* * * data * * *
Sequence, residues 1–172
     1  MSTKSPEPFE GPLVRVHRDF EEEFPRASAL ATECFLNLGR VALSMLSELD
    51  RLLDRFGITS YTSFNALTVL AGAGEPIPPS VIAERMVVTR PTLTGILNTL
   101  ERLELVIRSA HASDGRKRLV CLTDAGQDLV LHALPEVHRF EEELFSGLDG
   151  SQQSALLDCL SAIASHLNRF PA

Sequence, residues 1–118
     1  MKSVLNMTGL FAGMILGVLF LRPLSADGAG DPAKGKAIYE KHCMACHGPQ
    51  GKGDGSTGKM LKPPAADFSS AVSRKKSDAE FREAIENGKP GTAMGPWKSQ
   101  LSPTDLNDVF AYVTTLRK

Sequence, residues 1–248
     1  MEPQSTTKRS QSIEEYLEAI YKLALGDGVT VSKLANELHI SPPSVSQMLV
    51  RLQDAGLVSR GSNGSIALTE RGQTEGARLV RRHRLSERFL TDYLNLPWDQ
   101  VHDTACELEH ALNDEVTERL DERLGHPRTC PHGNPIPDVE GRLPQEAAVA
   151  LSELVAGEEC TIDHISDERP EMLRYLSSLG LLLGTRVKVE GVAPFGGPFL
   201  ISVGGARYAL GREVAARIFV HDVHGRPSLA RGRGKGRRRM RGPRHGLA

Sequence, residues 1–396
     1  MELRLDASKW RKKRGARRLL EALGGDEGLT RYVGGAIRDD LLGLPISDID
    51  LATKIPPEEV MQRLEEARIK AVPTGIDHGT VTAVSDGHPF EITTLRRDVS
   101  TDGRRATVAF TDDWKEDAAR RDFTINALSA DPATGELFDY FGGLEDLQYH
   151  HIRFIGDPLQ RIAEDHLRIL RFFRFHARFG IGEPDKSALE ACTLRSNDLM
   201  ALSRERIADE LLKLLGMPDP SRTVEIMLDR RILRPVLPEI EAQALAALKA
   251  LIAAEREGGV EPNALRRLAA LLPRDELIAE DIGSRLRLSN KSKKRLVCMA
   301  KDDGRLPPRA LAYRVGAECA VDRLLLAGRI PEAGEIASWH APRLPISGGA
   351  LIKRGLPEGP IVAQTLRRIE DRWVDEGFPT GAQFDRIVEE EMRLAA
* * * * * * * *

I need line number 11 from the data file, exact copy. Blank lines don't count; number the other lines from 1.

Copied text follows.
     1  MEPQSTTKRS QSIEEYLEAI YKLALGDGVT VSKLANELHI SPPSVSQMLV